During his visit to Connaught House, Sean Flynn shared some photos of his father as well as providing additional details about his background with previous strong family connections with the armed forces. We were also delighted that the Flynn family wishes to donate a number of interesting artefacts and some boxing trophies that Terry had won during the period of military training in the UK.

Sean went onto tell us that his father was born in 1923 and, after the outbreak of war, initially served with the Royal Armoured Corps as a “tankie” in North Africa and Italy before transferring to the LIR. It is probable that he was commissioned into the Royal Ulster Rifles after serving with distinction with a tank regiment.

As often was the case, Terry Flynn didn’t share too much detail with his family after the war but he certainly was deeply affected by some of the events that he witnessed during the final advances in Italy. He died on 17th March 2002 – perhaps fittingly for an Irish soldier – and left a legacy of heroic memory. We hope to perhaps learn more about his army career over the coming months.

Many thanks to Sean Flynn for visiting us and sharing his father’s story.

Quis Separabit

Rifleman Henry Norton Stephens

We are extremely delighted to have been sent a set of photographs and other interesting paper artefacts belonging to Rifleman Henry Stephens, who served with the London Irish Rifles during the First World War.

These fantastic documents have been donated to us by Henry’s granddaughter, Katy de Rooy, and she said in a note to us:

“I wonder if you would be interested in some memorabilia that I have come across whilst going through my late mother’s possessions. Her father, Henry Norton Stephens (my grandfather, born in 1897), was a Rifleman in 2/18th (Reserve) Battalion London Regiment and had obviously kept some artefacts from his time. These include several photos, a postcard, a pass-card, a discharge certificate, a newspaper article and what looks like notebooks from training camps (Scouting Notes?)  and diary entries. He has also listed the camps/barracks where he was based between 1914 and 1916, although the print is sadly somewhat faded in much of these.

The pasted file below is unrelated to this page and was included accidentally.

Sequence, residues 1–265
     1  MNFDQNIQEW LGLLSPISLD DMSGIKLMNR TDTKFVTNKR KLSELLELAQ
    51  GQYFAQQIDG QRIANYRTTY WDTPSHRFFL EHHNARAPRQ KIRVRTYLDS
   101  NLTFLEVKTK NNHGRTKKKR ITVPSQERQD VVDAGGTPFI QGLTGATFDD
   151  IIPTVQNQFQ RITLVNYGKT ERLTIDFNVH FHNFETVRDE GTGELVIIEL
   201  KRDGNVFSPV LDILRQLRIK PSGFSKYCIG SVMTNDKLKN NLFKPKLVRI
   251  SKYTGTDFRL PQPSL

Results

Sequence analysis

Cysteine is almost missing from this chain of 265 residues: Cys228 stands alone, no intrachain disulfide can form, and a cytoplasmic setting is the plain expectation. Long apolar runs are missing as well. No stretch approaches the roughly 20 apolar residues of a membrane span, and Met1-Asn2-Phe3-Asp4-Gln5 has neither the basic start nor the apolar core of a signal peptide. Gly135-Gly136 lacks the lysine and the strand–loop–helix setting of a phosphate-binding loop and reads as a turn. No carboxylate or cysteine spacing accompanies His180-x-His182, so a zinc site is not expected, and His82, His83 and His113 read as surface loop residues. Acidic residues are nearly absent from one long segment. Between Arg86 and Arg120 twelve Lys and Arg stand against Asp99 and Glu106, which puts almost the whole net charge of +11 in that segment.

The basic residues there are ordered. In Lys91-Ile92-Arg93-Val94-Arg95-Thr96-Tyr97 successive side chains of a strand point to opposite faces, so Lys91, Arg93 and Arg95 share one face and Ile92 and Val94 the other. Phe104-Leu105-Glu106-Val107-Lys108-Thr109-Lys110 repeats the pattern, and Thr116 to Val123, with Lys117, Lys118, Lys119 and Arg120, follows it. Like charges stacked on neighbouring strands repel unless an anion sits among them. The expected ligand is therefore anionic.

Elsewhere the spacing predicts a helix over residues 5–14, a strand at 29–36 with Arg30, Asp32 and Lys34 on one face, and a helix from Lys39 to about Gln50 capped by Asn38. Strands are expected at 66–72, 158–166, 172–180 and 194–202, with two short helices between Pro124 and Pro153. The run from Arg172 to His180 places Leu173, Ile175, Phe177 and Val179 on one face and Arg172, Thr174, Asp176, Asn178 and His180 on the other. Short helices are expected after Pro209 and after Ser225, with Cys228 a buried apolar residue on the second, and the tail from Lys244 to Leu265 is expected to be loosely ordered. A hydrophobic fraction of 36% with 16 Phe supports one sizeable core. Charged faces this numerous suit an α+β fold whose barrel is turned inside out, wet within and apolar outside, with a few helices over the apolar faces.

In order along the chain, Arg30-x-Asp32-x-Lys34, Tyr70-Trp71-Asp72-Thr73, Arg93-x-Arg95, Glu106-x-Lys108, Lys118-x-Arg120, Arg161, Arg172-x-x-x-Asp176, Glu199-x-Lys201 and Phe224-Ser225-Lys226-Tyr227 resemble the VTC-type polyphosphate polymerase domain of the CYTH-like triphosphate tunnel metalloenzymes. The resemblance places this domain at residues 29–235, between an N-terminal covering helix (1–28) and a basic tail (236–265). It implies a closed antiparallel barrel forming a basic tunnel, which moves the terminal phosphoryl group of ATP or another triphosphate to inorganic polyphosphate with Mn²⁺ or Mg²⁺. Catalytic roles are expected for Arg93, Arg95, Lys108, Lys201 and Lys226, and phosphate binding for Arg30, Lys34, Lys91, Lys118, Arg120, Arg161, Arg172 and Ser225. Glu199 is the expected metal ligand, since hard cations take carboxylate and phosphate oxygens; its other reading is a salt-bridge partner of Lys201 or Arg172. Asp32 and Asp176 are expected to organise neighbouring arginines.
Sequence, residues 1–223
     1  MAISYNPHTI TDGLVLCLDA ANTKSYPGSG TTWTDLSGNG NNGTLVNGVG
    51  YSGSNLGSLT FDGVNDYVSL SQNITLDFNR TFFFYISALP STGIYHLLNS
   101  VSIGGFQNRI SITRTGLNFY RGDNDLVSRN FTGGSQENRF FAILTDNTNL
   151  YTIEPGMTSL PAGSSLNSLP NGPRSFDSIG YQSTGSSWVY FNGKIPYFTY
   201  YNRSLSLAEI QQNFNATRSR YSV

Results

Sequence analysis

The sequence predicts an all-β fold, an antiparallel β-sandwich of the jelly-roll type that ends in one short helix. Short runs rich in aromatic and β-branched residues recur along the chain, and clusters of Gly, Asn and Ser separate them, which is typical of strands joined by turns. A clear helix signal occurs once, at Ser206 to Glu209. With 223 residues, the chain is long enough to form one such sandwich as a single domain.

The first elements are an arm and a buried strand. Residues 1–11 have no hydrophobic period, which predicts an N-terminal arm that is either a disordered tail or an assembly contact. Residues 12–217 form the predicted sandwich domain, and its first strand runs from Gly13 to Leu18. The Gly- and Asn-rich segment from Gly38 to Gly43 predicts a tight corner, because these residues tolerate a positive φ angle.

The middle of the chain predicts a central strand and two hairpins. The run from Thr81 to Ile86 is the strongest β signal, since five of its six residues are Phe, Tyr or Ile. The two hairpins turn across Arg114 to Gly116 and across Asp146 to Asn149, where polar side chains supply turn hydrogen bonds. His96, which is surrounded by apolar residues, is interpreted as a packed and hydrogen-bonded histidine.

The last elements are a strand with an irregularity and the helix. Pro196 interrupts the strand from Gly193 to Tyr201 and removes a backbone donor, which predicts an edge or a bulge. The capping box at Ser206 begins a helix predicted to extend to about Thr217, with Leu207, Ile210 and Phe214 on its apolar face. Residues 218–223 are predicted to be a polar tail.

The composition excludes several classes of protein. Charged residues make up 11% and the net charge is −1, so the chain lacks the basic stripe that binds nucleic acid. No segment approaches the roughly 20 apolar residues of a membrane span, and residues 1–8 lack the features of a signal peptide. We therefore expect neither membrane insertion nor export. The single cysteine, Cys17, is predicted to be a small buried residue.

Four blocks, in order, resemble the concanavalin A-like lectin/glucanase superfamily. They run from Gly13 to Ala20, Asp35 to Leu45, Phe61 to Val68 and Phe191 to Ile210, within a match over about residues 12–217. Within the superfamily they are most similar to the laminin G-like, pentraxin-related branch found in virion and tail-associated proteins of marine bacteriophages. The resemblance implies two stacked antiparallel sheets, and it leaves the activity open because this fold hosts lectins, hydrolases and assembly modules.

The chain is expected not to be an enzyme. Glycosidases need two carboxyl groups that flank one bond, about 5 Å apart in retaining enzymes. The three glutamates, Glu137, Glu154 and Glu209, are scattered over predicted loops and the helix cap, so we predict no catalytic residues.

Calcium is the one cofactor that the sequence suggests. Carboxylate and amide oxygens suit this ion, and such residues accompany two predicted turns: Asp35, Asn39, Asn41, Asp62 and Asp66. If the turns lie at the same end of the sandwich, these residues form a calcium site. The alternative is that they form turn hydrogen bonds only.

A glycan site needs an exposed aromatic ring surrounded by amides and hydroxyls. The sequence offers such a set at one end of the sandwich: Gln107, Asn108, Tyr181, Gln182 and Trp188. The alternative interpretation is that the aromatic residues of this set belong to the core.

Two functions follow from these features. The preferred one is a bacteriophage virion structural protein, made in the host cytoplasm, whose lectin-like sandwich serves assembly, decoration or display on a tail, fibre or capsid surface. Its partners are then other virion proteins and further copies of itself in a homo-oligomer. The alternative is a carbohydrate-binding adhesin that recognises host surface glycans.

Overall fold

I would love for them to go to someone/somewhere that could archive them for future reference and wonder if your Association may like them?”

From an initial review of Rifleman Stephens’ papers, it is clear that he was living in Stamford Hill when he joined up in September 1914. Henry was immediately posted to the 2/18th Battalion (2nd Battalion London Irish Rifles) and trained with them for nearly two years in the UK before the battalion travelled to the Western Front at the end of June 1916, along with the rest of 60th (London) Division. At that time, the Division would be positioned in front line trenches near Vimy Ridge and, thankfully,. they missed the massive assaults at the Somme at the start of July.

From studying the LIR’s own records, it then appears that Henry was hospitalised at the end of September 1916 while in France, before being discharged from hospital in early 1917. Those dates make it clear that he did not travel with 2/18th Battalion to Greece in November 1916 but we are not able to trace other elements of Henry Stephens’ army service at this time.

We certainly know that Henry made it through the war to return to his family in north London, as Katy went onto tell us:

“After the war, he worked for a printmakers near Fleet Street and we have several leaflets documenting the workers (men only) annual coach trips to such hot spots as Clacton, Margate and Brighton.

Good to know he survived France to enjoy such pursuits ! I will let you know if I find anything else of interest in the family vaults.”

We have included a selection of Henry’s photos below and shall continue to study the other associated paperwork in the hope that we might be able to uncover further details about his time with the London Irish Rifles.

We would like to thank Katy de Rooy and her family for passing this fascinating set of photographs over to us.

Quis Separabit.